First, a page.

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joe." joining us now, house committee on intelligence, congressman eric swalwell of california. good to see you. >> good morning. >> i want to talk to something we asked adam schiff about and that's the testimony of robert stone before your committee. what did you learn from him that you didn't know before to the extent you can disclose it, and did you find him to be a forthcoming witness? >> no, i did not find him to be forthc forthcoming. one of the central questions around robert stone is who was he communicating with at wikileaks at the time russia was interfering with our election and dropping hacked e-mails to the american public. mr. stone refused to say who that was. he said he wasn't there under subpoena, he was there voluntarily, and unless he was under subpoena, he wouldn't even consider giving that name. for somebody who has accused the dnc and others about not being forthcoming about this hack, he certainly did not show a willingness to want to help his country understand what happened
in the last election. >> will we see him back before your committee soon, subpoenaed? >> that's a question for republicans. democrats want him to come back under subpoena. if we're going to conduct a serious investigation, we're going to set the terms of how witnesses answer questions, not the witnesses. >> did you get the sense yesterday that the republicans wanted him to answer the questions and there may, in fact, be a subpoena? >> i did. there was a mutual frustration around this issue, and again, the precedent that we could be setting is that witnesses just come in and they start setting their own rules about what they'll answer and what they won't, and then everybody has to come in under subpoena and you really don't want to go that route. >> so in his testimony, stone said he was communicating with someone who are intelligence services identified as a russian through an intermediary and stone was asking that russian, through the intermediary, to retweet a post of his. who is that russian? do we have any idea who that was
or what their connection is? >> we know from the public report that louucifer 2.0 is wh the intermediary is. he was a russian connected to the russian intelligence services, and as you see through the limited exchanges robert stone has released, he is asking lucifer 2.0 to release material where he's attacking hillary clinton and lucifer 2.0 is releasing damaging information that they have. so you have robert stone working with a russian. they're asking people to do something and they're working to undermine the election. so the question that remains is was this a witting or unwitting relationship? if he's going to not tell us who the russian was, we'll have to subpoena him and put him back in the chair. >> richard blumenthal yesterday said publicly that he was 99% sure that manafort and flynn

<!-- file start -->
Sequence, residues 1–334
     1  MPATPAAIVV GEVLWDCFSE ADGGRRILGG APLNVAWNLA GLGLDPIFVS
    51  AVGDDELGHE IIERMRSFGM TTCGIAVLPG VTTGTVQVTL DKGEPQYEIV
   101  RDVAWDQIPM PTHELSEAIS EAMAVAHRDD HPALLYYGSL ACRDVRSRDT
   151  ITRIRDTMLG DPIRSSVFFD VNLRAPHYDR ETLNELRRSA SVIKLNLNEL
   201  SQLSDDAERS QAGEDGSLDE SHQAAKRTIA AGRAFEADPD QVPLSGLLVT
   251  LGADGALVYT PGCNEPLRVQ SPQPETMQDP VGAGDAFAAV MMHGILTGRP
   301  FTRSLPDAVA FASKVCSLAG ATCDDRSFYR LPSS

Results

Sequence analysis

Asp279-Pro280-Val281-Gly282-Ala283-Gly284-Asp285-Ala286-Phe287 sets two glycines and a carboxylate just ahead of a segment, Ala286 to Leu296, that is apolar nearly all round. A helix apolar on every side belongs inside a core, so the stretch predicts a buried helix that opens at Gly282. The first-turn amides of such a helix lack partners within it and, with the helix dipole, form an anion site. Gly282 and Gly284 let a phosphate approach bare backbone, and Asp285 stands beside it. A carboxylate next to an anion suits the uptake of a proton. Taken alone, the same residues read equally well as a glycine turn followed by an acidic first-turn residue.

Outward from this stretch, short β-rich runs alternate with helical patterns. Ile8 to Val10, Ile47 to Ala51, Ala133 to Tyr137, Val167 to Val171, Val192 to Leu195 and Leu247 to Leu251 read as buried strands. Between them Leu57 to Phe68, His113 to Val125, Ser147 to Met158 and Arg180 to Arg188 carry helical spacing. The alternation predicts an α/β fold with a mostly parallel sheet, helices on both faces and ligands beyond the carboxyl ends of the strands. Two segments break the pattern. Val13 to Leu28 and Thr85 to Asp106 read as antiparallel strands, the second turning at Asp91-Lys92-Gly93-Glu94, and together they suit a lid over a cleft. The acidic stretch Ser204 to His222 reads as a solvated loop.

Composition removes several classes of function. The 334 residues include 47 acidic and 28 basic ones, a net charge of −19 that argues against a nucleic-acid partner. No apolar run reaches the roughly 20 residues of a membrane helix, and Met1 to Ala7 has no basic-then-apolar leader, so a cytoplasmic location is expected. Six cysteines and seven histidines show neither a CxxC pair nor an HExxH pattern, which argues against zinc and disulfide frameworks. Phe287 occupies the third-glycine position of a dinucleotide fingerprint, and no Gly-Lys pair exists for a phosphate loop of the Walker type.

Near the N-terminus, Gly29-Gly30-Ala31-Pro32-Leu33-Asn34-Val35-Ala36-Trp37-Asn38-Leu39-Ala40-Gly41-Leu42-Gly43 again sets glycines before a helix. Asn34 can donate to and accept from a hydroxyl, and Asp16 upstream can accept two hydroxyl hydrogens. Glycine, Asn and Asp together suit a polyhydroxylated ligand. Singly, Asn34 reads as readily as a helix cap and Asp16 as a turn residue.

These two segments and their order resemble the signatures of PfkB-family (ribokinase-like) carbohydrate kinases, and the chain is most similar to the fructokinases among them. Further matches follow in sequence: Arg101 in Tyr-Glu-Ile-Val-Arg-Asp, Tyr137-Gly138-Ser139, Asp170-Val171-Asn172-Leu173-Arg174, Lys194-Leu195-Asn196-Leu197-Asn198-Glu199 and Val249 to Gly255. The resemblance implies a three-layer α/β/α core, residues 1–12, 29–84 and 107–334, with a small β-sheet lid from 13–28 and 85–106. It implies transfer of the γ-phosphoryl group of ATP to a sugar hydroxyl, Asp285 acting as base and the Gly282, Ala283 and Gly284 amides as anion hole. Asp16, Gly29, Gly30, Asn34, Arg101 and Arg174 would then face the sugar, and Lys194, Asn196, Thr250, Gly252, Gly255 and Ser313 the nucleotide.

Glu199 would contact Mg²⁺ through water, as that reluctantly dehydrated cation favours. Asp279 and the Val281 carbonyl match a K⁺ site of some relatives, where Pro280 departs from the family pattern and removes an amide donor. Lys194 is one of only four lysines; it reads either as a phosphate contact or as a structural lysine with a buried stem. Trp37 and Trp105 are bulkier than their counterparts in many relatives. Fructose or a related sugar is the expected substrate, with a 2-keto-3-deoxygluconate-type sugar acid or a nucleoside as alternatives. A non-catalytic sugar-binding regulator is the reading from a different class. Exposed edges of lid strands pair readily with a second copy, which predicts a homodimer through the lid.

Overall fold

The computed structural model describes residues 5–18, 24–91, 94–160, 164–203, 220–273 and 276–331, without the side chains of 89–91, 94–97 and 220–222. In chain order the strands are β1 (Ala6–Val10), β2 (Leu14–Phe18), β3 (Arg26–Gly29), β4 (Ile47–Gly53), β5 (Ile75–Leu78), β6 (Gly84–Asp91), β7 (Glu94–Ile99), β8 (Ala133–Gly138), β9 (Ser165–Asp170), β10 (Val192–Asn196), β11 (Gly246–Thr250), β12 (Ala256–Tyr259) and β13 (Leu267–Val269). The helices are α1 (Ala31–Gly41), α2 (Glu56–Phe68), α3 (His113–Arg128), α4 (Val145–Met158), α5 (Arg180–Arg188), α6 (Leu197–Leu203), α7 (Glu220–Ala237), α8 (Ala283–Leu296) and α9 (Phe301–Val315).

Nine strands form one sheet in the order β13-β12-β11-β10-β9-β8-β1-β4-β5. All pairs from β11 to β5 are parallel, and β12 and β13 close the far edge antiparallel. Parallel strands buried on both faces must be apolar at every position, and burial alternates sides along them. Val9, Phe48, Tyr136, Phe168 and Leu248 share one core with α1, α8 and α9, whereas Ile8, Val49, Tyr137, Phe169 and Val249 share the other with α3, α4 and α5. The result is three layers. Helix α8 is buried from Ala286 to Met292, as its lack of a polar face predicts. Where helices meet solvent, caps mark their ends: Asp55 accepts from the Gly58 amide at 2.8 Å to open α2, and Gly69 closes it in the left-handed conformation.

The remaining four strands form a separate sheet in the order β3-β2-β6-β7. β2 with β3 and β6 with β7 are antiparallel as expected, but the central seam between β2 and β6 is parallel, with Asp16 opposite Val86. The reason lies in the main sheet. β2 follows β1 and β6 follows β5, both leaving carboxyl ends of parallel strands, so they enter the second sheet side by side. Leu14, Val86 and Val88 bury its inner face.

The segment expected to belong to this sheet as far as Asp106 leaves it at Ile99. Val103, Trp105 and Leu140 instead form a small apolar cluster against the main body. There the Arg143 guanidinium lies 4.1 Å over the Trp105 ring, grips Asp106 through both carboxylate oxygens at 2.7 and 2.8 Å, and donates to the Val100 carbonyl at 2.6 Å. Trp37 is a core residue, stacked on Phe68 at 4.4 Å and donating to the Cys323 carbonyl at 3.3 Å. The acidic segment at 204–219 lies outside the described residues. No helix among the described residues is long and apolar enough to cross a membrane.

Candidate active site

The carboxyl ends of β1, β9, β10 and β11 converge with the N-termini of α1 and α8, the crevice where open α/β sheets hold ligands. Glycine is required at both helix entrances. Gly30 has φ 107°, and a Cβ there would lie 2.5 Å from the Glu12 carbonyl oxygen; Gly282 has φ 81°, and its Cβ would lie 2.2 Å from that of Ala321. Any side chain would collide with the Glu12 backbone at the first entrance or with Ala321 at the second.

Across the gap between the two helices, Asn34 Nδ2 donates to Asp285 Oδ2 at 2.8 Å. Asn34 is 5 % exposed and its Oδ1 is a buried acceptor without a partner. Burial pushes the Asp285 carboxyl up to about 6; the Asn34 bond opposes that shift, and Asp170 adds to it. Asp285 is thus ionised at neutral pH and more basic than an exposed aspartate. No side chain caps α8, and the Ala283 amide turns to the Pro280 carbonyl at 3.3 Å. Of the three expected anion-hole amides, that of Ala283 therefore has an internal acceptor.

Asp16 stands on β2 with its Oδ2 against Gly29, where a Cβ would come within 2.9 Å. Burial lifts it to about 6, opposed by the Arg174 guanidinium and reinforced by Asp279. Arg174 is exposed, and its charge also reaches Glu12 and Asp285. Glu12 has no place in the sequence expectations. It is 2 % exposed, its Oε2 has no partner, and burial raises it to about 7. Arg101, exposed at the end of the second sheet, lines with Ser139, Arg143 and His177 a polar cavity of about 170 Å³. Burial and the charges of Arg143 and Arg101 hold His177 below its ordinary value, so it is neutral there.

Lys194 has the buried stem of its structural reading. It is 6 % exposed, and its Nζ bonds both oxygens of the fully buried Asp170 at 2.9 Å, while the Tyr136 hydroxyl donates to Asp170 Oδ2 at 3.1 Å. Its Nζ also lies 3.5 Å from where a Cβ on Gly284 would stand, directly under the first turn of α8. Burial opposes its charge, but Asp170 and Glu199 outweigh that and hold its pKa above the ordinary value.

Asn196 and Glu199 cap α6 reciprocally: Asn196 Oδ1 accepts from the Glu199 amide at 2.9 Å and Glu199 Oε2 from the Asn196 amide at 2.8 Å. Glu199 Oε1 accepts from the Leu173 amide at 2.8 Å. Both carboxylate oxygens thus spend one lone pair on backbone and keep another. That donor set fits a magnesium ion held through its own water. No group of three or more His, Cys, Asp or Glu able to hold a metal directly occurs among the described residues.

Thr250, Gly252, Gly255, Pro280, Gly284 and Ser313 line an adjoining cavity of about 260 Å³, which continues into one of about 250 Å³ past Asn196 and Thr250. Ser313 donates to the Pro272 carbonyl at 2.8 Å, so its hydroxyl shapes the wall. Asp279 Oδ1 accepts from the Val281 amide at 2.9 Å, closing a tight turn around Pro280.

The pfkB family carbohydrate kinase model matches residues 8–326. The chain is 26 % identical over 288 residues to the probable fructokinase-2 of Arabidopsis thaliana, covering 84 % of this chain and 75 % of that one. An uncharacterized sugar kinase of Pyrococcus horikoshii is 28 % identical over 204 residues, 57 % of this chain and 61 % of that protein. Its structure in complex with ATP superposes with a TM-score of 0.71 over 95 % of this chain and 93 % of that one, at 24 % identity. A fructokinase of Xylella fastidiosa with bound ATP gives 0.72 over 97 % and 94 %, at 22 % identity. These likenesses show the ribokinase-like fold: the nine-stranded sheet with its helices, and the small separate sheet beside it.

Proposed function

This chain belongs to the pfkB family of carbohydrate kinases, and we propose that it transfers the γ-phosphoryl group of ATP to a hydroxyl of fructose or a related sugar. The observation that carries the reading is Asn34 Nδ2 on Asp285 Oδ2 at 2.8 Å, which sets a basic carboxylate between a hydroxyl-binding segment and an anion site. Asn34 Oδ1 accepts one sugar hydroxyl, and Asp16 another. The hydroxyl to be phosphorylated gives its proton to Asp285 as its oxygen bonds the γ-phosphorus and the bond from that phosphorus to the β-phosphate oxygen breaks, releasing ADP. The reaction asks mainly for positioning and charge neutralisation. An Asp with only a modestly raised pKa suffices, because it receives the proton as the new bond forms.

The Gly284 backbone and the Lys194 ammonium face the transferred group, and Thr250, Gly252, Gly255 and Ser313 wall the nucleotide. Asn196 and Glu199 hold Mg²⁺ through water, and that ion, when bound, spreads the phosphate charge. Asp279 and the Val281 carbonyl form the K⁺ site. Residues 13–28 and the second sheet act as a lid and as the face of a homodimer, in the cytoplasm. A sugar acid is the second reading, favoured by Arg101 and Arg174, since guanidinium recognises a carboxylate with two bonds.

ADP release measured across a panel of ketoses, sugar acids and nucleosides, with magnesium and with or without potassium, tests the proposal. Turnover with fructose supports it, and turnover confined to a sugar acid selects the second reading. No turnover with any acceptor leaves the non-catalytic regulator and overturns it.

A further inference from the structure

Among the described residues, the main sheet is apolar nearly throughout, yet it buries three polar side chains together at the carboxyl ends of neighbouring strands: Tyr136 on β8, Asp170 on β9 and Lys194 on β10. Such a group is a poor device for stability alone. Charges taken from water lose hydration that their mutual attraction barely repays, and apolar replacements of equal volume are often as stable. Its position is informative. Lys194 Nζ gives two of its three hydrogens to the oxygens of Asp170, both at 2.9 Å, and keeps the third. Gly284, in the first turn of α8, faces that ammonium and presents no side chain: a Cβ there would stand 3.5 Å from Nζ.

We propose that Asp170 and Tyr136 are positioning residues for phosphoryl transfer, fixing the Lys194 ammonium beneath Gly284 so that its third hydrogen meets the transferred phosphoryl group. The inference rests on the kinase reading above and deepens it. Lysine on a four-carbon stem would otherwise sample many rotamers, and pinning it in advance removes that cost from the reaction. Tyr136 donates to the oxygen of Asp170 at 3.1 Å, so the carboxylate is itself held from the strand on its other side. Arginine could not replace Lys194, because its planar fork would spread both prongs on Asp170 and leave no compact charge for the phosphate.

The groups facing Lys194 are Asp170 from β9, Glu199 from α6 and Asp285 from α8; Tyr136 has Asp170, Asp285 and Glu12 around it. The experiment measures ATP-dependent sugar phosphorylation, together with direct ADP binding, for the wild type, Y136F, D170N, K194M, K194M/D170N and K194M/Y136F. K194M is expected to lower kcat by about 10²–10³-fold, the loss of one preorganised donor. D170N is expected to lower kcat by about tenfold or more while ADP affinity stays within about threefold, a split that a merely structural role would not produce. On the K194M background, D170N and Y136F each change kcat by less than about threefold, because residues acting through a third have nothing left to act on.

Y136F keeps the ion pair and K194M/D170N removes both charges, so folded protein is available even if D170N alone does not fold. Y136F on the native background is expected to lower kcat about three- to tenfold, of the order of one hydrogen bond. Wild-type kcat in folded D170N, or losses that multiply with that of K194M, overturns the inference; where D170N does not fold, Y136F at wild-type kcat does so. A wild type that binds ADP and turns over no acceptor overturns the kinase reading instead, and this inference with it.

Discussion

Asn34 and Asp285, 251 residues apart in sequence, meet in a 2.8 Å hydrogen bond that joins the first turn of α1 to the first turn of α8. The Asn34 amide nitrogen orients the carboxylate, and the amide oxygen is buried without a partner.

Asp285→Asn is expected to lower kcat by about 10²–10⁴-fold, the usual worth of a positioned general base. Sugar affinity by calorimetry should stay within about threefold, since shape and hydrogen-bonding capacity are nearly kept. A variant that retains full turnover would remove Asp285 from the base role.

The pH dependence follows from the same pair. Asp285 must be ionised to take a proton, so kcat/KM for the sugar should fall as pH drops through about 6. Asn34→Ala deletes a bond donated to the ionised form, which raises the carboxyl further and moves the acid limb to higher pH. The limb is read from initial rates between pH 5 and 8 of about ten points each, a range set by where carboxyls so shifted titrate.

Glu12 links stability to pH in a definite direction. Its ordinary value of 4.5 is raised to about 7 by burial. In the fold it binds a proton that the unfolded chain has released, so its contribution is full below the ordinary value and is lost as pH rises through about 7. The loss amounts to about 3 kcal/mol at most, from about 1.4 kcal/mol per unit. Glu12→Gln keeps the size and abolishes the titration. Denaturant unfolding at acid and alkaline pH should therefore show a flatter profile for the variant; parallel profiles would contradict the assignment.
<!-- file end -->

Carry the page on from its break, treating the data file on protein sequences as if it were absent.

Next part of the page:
would be brought under criminal charges. does that jibe with what you're finding in your investigation? >> well, you know, what i have seen just as a lawyer, and i'm not even talking about classified information, is that you have two people who failed to disclose a lot of information with respect to their contacts with russia, whether it's personal, political or financial, and it looks like bob mueller and the team are getting closer. but we're conducting our own investigation into manafort and flynn and would love to have them come before the committee as well. >> congressman, this is josh earnest. are you satisfied with the degree of coordination with the department of justice as they conduct their own investigation? do you feel like they're sharing as much information as they can so you can do your job as well? >> i'm satisfied. i believe they have a different responsibility. we don't want to get in the way or disrupt their investigation, but we're also a separate branch of government and we have a duty to the american people. so, you know, we expect them to hold a lot of information close to the vest. because you don't want witnesses
to necessarily understand or hear what other witnesses are saying so that they can cook up a story or work around what others have testified to. so i'm satisfied with that. what i'm not satisfied with is i don't believe we're demonstrating the same curiosity or dogged determination to find out what happened as bob mueller has, and i think we should all be moving at the same pace here. >> congressman eric swalwell, i wanted to talk north korea with you. we're up against the clock. come back soon and we'll talk about. coming up next, new reporting this morning says president trump at war with just about everybody has started physically mocking senators john mccain and mitch mcconnell. we'll explain next on "morning joe." kevin kevin kevin kevin kevin kevin trusted advice for life.
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lethargic body language. for mccain, president trump imitates that famous thumbs down gesture when the arizona republican who's battling brain cancer killed health care reform back in july. we've got host of "the bill press show" bill press, brian sullivan and susan page. >> so where are we, bill press? where's the republican party when roy moore beats even the president's choice and democrats dianne feinstein are not considered sufficiently loyal to the cause? >> let's get to the democrats second. i think to borrow a phrase from our buddy mark halperin, i thought yesterday was a real game-changer. look at what happened. it's stunning. in one day, donald trump, mitch mcconnell lose alabama to roy moore, who's going to be, to say the least, a wild card when he gets to the senate, which i think he will. and secondly, they lose a total